Chalk red, mustard, greys, Blood burgundy, beiges, Turquoise blue, Emerald Green.... It seems like this season's palette has been inspired directly by our own planet earth. The Mojave Desert, African Savanna or the seaside on an Greek island are the places I imagine myself wearing these clothes.... In the meantime, snow predictions are back to London. Woop woop.
Yes, I know. How can ever a prequel or a sequel or ANYTHING top Sex and the City?! Of course, this is not taking into account the two movies that came after.... no comment about those. But really, how can you expect to follow the series that exposed to the world all of women's troubles and desires, sex, relationships, love, marriage to the whole 90s generation and had a massive impact on the fashion world, bringing to our attention the genious that Manolo Blahnik is. Yes, as you can see, I had big issues with this series coming out. I haven't read the book but even if it was good, I wasn't ready for my cherished memory of Carrie Bradshaw, sitting by the window and writing away on her laptop an article for Vogue Magazine or talking loudly about wild sex while having brunch with Miranda, Charlotte and Samantha. Every girl will agree with me when I say Sex and the City is like a rite of passage and once you've been through it, you are a woman.
Oh God, I started this post to talk about the Carrie Diaries, so sorry about that... It turns out that the series wasn't that bad! I mean, apart from the fact that Carrie is 16 and all her friends are 16 and they do what any 16 years old would do (which in contrast, makes me feel very old) But it also has some sharp truth in it. It portrays the social environment that teenagers were living in during the 80s: a lot of freedom from some parents and a lot of expectations from others, wild parties, drugs still legal, big artistic movements, gay revolution, punk, sex liberation... There were pretty big things going on in the 80s and the series filters them in, subtly but steadily.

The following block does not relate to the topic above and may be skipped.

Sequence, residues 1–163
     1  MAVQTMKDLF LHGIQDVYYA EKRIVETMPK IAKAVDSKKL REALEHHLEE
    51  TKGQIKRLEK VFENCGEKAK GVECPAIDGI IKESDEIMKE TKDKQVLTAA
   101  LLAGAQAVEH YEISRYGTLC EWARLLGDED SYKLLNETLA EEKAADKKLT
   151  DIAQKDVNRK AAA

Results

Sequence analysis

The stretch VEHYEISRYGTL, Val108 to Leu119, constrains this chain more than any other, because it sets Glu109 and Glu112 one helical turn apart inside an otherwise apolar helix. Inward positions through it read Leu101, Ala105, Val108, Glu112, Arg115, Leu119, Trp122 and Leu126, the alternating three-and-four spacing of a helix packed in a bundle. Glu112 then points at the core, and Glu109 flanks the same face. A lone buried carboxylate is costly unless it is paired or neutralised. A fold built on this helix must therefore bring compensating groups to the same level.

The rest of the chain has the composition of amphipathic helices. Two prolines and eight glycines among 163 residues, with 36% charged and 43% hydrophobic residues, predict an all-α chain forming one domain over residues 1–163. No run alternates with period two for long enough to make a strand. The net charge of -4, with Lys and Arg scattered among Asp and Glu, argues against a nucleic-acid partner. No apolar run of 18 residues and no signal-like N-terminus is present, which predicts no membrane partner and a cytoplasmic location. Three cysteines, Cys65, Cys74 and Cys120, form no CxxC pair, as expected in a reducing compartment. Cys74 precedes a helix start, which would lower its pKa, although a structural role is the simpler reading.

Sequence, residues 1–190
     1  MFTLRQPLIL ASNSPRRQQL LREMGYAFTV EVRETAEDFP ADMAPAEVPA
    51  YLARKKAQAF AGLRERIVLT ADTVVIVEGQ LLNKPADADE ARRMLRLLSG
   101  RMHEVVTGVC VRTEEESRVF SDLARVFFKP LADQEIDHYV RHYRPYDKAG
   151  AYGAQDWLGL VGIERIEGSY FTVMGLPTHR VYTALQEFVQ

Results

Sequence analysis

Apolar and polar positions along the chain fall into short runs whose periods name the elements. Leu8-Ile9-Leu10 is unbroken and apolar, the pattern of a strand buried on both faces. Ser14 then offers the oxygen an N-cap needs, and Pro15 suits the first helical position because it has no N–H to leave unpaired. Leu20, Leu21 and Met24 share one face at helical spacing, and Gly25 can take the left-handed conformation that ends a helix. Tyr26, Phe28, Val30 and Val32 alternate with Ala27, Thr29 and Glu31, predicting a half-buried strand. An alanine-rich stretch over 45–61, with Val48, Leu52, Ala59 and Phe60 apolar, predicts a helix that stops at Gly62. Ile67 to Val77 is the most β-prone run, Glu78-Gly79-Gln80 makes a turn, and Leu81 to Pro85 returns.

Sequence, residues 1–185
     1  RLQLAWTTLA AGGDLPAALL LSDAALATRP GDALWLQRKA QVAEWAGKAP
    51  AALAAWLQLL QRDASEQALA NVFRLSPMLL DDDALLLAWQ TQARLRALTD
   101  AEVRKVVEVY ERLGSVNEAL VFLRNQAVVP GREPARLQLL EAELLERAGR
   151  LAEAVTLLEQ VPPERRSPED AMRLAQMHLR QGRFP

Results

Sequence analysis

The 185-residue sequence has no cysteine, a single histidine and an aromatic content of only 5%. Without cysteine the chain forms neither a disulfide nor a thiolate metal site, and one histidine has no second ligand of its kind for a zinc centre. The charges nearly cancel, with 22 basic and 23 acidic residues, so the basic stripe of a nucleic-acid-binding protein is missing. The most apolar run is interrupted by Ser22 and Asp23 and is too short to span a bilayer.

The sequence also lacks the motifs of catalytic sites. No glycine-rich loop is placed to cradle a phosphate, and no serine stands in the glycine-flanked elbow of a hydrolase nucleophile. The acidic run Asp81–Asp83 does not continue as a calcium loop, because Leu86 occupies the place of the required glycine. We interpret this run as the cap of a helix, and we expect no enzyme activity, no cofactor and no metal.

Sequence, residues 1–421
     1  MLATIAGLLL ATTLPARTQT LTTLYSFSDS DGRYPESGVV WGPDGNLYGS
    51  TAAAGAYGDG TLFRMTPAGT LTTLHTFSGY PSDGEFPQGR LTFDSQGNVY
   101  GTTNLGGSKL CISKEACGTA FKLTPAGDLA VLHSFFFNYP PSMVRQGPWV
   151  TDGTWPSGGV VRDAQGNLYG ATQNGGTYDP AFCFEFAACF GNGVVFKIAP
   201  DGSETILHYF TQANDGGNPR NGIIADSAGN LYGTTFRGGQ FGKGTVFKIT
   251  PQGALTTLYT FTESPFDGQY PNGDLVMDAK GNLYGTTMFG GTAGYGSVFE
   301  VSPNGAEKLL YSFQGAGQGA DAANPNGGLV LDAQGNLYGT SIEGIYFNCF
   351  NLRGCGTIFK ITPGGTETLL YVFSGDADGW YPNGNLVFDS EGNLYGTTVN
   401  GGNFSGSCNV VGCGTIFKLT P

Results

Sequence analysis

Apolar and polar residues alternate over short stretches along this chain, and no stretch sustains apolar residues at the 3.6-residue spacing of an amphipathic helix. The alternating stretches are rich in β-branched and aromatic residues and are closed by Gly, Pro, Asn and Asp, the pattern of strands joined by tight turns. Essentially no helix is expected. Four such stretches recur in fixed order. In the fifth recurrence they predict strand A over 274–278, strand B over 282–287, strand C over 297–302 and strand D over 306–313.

And the clothes, oh boy, they are relics. Shoulder pads, neon, blazers, leggings, nike, leather jackets, polka dots, high waisted trousers, tutus, full skirts, feathers, anything you can't imagine putting together, put together with a bow on it. It is so crazy it's good. There was such a freedom and a sense of real fun during that decade. People weren't afraid of making mistakes, of being rejected. It was time to be brave, to experiment, to have fun and to be oneself. And that comes through with the clothing. The Costume Designer is Eric Daman who also worked in Gossip Girl and was assistant to Patricia Field in Sex and the City. So far, I have no complaints about it and I like what he's doing with Carrie. You can see her innate fashion sense coming through even as a teenager.
I will keep watching and although the storyline might not be amazing, the costumes certainly are and the men too... Sebastian Kydd, mark my words....
P.D Beware of cell phones. Those things could've killed someone....
P.D 2. Here I leave you a quote from the film Easy A about the 80s. If you consider yourself a romantic and a decent film buff, you should know every reference.
Olive Penderghast once said: "Whatever happened to chivalry? Does it only exist in the 80s movies? I want John Cusack holding a boombox outside my window. I wanna ride off in a lawnmower with Patrick Dempsey. I want Jake from Sixteen Candles waiting outside the church for me. I want Judd Nelson thrusting his fist into the air because he knows he got me. Just once I want my life to be like an 80s movie, preferably one with a really awsome musical number for no apparent reason. But no, no, John Hughes did not direct my life"